It's one little word - but its presence can make all the difference in the world.
In the tech world, that single word - Beta - suggests that a product is still undergoing tests and not quite ready for prime time. In most cases, beta periods can last a few weeks or a few months until the final release version is available.
Today, five years after its release, Google's Gmail has officially shed the Beta label, along with a handful of other Google Apps. For the users, it won't mean much. Gmail and the other apps will look the same and work the same.
But for Google, the dumping of the label is the equivalent of unlocking the gates to the enterprise, a move that should "remove any doubt that Apps is a mature product suite," the company said. From the official Google blog post:
We've come to appreciate that the beta tag just doesn't fit for large enterprises that aren't keen to run their business on software that sounds like it's still in the trial phase. So we've focused our efforts on reaching our high bar for taking products out of beta, and all the applications in the Apps suite have now met that mark.
It's a move that's long overdue. If Google wants to try to steal some market share from Microsoft by luring enterprise customers to its cloud-based Apps - which includes Gmail, Google Calendar, Google Docs and Google Talk - it needed to remove that label.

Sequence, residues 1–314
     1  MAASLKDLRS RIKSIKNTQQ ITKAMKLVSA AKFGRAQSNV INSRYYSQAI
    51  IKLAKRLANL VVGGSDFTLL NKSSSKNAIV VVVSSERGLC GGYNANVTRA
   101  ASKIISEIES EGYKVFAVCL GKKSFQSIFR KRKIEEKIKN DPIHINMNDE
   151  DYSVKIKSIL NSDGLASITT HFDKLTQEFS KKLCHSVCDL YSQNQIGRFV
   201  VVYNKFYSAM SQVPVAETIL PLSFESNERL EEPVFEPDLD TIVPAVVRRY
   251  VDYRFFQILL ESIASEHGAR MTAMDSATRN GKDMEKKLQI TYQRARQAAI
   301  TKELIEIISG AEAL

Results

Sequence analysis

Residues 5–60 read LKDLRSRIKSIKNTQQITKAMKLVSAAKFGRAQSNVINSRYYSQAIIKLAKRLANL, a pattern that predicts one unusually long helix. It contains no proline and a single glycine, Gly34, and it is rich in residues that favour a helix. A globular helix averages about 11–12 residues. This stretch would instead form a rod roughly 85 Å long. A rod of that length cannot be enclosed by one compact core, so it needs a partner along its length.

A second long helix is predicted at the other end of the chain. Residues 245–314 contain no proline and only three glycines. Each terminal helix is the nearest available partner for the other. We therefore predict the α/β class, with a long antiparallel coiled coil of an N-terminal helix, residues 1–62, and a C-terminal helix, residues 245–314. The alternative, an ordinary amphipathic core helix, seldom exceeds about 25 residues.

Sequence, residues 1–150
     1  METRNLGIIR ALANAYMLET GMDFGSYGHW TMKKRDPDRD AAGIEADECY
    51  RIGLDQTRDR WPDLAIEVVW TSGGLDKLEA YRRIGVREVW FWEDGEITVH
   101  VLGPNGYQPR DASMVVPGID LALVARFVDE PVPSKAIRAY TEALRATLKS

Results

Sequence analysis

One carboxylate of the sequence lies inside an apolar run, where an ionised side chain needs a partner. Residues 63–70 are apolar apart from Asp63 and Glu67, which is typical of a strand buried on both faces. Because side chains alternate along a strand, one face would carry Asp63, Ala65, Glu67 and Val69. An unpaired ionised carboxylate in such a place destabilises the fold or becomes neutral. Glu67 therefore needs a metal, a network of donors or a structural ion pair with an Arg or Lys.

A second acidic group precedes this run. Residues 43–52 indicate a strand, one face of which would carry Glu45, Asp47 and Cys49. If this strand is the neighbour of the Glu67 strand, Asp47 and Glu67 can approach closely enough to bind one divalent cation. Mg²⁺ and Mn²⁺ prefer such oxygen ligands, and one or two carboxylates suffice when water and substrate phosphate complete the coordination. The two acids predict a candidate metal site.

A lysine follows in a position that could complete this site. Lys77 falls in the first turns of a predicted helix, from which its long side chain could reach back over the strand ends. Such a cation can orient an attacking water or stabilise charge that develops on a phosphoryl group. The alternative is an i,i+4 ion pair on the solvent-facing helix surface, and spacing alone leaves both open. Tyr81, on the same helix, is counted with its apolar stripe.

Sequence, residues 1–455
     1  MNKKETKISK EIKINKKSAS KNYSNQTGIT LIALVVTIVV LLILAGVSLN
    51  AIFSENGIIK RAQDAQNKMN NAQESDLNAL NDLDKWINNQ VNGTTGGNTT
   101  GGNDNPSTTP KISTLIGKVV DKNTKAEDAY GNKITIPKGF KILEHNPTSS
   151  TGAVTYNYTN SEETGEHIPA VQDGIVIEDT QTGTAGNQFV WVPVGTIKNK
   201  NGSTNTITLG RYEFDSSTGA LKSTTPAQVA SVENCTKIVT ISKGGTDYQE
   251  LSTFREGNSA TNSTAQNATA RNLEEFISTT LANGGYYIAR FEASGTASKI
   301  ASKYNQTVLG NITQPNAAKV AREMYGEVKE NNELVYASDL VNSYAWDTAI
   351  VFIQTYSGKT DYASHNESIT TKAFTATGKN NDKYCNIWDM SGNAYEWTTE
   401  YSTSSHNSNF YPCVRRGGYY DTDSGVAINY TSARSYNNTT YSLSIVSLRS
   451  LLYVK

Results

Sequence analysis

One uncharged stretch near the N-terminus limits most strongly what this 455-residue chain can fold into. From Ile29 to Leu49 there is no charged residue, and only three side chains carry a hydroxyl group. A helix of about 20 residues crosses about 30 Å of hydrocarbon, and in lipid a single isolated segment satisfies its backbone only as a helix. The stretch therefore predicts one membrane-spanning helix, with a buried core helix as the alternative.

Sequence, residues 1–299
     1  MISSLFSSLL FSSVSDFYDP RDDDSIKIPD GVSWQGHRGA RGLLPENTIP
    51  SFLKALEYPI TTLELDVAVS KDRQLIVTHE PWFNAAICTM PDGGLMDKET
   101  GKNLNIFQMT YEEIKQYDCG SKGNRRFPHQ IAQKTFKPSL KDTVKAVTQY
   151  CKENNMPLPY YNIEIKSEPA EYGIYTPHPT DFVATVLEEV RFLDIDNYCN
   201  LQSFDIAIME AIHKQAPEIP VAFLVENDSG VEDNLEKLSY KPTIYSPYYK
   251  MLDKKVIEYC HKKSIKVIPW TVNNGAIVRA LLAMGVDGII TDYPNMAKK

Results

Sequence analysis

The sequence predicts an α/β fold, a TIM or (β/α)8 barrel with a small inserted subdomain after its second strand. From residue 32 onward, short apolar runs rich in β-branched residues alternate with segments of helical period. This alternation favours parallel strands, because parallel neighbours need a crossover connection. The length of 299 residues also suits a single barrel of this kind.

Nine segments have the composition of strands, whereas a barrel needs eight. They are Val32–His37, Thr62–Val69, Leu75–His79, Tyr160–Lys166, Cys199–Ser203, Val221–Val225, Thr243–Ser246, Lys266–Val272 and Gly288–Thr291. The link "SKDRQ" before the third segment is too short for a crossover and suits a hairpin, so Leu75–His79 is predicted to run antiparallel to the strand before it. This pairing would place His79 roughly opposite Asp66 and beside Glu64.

In some ways, I understand why Google left the label on for so long. At a meeting with the Google Apps team last year, the folks there told me that they are constantly innovating their products and that they don't believe in releasing new versions, such as the way Microsoft has done every year or two with its software suite. Instead, Google launches a product - in beta - and then continually tweaks it, sometimes by launching a feature in Google Labs and other times by just flipping the switch on something new.
But Google seems to finally understand that businesses are OK with - and seem to prefer - updates and upgrades to a finished piece of software, even if they just suddenly appear in the software one day instead of coming boxed with a fresh price tag on it. Case in point: As part of today's Beta-removal announcement, the company announced enhancements to Gmail that will be most appealing to business customers: From the Official Google Enterprise Blog:
We're also launching a tool that will be particularly useful to administrative support staff to screen and send email on behalf of others – a feature called email delegation. And to help customers comply with regulations that may exist specific to their industry, we're adding email retention so that IT administrators can set up policies to determine when email will be purged. Both retention and delegation are in testing with customers, and will start rolling out to all Premier edition domains over the next weeks.
Finally, we're continuing to implement additional procedures to ensure that our business customers enjoy even greater reliability: live replication of data to other locations for near-instant disaster recovery, and special handling of business users' data in our data center operations.
The beta label will be removed from the products today.